GOP plan would require some school districts to host summer classes
MADISON Wis. (CBS 58) -- After more than a year of virtual learning for some school districts, Republican lawmakers want to require districts to host summer school to help students catch up.
A slew of reports has shown an alarming number of kids are falling behind in school due to virtually learning throughout the pandemic. State Rep. Cindi Duchow (R-Town of Delafield) introduced legislation that would require schools who’ve remained mostly virtual to host summer classes.
“We’ve lost an entire year of learning and we have to get those kids caught up,” said Duchow. “We have found virtually learning has not been successful for the vast majority.”
Duchow cited a survey conducted by USA TODAY that reveals nearly 60 Wisconsin school districts who responded reported more high school students failed a class last fall in recent years and almost all blamed the same reason: online learning.
Under the proposed bill, a school must provide the summer classes if less than 75 percent of students attended classes in person during the 2020-21 school year.
While the majority of districts throughout Wisconsin have resumed in-person instruction, the state's largest districts like Madison and Milwaukee are still teaching students online.
"The proposal would require districts to use federal stimulus funds to pay for summer school courses. It would be offered to those who are interested, rather than students who need it most" said Duchow.
“Kids don’t have to go but the school has to offer it,” Duchow said. “Parents will still have the right to say no.”
Wisconsin school districts received $617 million from the federal government after Congress passed a relief bill to provide aid to schools impacted by the pandemic, according to the nonpartisan legislative fiscal bureau.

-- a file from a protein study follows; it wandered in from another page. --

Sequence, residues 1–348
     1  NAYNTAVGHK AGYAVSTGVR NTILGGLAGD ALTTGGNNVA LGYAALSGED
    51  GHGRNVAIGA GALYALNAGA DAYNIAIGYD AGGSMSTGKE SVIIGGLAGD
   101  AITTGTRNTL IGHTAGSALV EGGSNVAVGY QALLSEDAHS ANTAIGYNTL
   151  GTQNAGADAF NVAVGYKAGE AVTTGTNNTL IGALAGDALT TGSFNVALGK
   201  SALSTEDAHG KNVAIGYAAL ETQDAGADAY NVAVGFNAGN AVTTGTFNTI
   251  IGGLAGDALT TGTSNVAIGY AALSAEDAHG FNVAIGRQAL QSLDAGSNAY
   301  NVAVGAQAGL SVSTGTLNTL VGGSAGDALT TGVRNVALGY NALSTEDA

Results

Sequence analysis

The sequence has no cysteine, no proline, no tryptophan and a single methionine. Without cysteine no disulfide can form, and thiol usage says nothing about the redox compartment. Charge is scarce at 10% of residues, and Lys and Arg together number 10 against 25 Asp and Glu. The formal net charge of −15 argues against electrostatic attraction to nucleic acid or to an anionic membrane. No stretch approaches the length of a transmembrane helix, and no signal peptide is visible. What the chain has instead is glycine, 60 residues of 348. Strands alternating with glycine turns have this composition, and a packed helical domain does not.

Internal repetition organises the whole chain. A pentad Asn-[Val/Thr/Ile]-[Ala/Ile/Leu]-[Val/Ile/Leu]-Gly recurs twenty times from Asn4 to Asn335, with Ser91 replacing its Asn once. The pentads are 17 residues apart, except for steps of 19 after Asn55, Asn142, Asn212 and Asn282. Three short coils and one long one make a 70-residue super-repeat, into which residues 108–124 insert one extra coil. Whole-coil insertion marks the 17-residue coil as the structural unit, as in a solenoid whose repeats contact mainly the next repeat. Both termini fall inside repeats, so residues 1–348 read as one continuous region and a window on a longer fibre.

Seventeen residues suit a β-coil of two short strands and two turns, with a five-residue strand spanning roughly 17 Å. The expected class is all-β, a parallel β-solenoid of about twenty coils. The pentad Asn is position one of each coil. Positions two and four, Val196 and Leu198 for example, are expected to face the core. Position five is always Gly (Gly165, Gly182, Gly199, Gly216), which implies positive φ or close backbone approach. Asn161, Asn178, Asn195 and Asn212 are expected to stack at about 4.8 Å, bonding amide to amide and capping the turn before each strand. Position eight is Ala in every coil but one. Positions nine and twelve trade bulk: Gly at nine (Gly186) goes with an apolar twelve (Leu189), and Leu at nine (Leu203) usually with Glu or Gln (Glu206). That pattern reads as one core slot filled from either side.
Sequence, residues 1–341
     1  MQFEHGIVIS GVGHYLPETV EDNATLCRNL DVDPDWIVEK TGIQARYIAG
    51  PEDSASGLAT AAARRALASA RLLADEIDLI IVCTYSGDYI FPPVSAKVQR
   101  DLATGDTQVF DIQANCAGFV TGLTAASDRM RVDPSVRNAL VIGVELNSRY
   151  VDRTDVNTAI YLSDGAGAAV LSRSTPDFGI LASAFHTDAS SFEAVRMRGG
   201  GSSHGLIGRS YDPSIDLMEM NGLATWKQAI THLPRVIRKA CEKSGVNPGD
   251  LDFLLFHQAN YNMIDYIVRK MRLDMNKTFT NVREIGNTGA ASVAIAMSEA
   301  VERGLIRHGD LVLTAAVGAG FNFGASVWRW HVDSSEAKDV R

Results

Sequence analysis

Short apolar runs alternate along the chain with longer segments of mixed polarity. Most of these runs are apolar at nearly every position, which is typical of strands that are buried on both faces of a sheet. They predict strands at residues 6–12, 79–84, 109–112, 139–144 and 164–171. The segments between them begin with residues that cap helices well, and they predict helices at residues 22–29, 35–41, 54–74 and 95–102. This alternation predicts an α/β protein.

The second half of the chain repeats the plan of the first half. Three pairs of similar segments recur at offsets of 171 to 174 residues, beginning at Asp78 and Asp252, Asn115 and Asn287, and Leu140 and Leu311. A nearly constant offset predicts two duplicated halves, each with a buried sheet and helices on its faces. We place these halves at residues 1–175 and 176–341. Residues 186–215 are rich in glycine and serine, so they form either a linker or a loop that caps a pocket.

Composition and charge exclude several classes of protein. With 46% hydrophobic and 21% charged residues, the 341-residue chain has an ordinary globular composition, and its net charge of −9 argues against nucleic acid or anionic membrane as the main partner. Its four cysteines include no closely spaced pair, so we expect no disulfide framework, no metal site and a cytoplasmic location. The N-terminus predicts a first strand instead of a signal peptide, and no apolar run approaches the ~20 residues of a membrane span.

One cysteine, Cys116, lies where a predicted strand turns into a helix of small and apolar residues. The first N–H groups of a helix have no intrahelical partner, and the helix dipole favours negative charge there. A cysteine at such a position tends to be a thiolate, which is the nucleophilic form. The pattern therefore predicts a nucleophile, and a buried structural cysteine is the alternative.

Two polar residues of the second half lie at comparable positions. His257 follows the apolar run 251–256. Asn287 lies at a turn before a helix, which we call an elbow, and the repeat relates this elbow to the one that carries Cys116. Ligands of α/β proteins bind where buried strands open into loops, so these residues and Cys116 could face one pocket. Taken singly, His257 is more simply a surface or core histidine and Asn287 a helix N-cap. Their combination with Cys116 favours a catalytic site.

Governor Tony Evers has said schools should consider more summer school or starting classes earlier this fall to help students catch up, but he also believes those decisions should be left up to school officials, instead of a mandate. Democrats also support local control when deciding what’s best for students.
“When it comes to micromanaging how schools use their resources, I rather see that in the hands of local elected officials,” said Rep. Lisa Subeck (D-Madison).
Republican’s have also proposed giving school districts who offer in-person instruction more federal funding than those who don’t.
The Legislature's budget committee approved the plan in February to distribute $65 million in federal funding to schools that offer in-person classes, calling it an incentive to open schools.
Lawmakers do not need to approve the committee's spending plan, which means it will likely be approved. Governor Evers can challenge it, but Republicans on the budget committee can override it.